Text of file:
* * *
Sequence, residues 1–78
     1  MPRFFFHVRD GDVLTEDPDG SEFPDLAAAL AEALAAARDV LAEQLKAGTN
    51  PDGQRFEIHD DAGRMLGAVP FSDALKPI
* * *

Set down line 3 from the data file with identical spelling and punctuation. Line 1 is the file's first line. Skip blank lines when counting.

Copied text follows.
    51  PDGQRFEIHD DAGRMLGAVP FSDALKPI